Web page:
HC Steve Alford (Photo by Steve Cheng)

UCLA Disappoint Badly in Opener

Nov. 14 -- UCLA lost in its home opener Friday night, and that could cause real issues for the Bruins' NCAA Tournament chances...

UCLA turned in a dud of a performance Friday night in the opening game of the season, losing in overtime to mid-major Monmouth 84-81.

It was an ugly game that saw the Bruins turn the ball over 23 times, and the stunning part was just how many of those turnovers were unforced. And it wasn’t as if there was one particular culprit for UCLA -- yes, Aaron Holiday was sped up and a little sloppy with the ball in his first real game, but UCLA’s upper-classmen did the Bruins no favors either, with Bryce Alford, Isaac Hamilton, and Tony Parker combining for 14 turnovers. Across the board, UCLA looked unprepared and unfocused, and it’s a testament to that lack of focus that the Bruins managed to lose a 13-point lead in the last 9:50 of the game.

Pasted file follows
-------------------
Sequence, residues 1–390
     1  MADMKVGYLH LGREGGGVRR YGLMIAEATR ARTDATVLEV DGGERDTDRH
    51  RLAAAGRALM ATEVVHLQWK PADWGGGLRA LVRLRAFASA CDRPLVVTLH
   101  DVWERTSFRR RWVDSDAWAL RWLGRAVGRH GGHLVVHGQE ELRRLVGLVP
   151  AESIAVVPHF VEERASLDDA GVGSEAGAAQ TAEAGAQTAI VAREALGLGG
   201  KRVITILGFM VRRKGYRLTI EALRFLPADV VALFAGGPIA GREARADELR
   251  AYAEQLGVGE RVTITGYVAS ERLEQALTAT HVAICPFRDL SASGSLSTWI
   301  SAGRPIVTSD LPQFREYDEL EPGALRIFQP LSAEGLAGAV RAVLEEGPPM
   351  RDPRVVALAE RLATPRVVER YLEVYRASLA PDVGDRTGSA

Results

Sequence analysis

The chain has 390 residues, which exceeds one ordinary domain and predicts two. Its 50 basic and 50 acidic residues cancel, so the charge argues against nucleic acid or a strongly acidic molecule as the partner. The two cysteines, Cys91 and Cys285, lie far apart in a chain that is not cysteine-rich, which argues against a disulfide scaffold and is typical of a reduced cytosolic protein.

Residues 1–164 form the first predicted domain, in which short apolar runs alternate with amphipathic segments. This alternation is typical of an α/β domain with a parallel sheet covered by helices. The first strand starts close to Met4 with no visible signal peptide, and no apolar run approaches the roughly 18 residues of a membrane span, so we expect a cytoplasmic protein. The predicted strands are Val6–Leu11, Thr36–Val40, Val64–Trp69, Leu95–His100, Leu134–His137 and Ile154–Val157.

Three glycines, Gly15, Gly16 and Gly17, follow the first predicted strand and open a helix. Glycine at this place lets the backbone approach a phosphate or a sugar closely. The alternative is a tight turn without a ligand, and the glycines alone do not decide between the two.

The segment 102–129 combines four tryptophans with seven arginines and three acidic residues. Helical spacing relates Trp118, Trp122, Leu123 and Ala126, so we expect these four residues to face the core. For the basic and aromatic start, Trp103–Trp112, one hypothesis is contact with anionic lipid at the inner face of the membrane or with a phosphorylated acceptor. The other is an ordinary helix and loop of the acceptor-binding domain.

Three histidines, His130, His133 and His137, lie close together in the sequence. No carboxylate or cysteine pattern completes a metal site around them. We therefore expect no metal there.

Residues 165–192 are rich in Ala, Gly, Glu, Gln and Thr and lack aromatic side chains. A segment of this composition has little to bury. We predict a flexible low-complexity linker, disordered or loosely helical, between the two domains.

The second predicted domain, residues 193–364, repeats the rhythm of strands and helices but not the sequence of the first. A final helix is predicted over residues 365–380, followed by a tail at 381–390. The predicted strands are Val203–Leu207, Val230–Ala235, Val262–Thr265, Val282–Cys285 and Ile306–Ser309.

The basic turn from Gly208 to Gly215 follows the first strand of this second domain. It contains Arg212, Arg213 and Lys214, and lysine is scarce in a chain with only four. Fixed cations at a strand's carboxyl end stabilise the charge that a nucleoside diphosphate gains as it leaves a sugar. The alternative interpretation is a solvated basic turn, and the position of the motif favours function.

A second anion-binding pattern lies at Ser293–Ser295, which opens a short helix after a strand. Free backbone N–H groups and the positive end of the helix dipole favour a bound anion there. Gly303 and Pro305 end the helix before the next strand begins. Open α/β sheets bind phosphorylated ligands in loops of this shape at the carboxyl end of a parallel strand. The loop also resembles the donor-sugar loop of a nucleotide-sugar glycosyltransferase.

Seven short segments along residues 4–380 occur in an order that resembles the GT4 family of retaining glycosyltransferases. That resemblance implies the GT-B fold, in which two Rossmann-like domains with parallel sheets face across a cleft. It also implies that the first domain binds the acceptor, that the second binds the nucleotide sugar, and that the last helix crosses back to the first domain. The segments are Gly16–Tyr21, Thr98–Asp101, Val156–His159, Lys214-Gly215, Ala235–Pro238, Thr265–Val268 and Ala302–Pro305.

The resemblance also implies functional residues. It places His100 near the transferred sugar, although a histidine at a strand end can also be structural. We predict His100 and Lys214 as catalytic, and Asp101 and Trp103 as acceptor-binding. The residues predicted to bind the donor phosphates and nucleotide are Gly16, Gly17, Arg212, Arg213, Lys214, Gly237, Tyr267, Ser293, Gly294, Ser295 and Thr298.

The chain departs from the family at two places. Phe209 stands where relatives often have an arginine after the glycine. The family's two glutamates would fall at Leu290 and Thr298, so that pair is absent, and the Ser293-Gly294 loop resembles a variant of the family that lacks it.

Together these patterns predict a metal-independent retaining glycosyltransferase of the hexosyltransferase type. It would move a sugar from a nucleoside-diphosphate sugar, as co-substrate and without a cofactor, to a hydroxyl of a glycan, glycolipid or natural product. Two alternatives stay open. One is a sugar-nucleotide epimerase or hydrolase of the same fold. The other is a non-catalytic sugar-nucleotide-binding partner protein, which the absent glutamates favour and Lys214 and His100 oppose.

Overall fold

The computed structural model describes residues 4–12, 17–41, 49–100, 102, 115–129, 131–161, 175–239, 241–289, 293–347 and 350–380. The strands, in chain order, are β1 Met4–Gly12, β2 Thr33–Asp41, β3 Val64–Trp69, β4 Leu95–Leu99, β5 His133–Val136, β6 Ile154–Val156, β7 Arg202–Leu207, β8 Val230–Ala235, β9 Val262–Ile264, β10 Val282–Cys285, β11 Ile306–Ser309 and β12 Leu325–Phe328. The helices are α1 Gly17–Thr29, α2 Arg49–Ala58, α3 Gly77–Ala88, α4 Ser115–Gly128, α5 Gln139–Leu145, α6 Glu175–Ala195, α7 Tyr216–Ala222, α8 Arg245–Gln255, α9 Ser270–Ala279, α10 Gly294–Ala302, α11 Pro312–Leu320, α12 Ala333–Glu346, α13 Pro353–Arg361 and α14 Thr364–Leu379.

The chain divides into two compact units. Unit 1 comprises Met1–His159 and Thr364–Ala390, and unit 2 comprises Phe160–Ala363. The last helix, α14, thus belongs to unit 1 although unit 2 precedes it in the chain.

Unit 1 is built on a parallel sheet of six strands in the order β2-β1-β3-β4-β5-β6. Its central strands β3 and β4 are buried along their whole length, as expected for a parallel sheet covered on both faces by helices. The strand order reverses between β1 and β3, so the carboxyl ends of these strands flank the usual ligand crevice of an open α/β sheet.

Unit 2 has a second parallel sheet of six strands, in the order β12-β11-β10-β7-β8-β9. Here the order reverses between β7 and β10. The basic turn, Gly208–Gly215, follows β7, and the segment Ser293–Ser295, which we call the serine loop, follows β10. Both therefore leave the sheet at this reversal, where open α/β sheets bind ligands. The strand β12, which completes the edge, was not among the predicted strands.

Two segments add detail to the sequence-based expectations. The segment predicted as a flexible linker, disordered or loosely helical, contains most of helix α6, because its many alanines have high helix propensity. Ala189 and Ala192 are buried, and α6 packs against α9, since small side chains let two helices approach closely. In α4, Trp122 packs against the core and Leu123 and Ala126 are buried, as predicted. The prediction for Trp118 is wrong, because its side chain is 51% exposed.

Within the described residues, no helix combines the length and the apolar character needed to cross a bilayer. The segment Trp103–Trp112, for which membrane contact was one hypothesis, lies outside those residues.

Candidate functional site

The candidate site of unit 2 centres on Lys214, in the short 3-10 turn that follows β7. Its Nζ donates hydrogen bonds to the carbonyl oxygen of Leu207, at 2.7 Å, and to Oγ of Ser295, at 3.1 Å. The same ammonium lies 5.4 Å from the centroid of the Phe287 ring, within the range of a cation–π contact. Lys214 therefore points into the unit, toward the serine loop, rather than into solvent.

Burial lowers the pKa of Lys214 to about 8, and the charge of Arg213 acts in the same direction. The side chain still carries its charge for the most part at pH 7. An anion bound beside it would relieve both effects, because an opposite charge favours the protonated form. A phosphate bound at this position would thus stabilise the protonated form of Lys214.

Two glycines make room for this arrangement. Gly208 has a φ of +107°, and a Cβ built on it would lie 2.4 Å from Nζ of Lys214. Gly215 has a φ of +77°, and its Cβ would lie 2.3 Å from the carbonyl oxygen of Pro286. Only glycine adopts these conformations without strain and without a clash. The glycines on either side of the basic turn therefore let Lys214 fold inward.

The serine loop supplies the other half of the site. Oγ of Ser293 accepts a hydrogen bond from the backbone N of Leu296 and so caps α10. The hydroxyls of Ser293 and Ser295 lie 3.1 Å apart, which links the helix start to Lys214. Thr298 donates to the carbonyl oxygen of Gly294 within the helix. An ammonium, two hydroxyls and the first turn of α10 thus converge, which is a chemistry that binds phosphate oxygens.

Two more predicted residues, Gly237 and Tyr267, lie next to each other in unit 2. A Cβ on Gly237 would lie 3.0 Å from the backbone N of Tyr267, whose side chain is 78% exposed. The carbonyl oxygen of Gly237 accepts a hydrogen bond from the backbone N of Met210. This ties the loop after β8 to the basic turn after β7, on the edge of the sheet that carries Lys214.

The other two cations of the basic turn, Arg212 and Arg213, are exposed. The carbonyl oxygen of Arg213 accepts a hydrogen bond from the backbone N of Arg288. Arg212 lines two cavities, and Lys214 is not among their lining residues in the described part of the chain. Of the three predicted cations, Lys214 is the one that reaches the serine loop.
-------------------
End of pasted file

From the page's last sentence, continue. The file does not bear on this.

This loss is devastating for UCLA, which is getting geared up to face a really tough non-conference schedule. Monmouth is a solid mid-major, but this should have been an RPI-boosting win for the Bruins (since Monmouth has a good chance of winning its conference) rather than a loss that comes close to spelling doom for UCLA’s NCAA Tournament bubble chances. As it stands, with this loss, UCLA can only be comfortable with its bubble chances if it somehow manages to steal a win against North Carolina, Kansas, Kentucky, or Gonzaga in the coming weeks.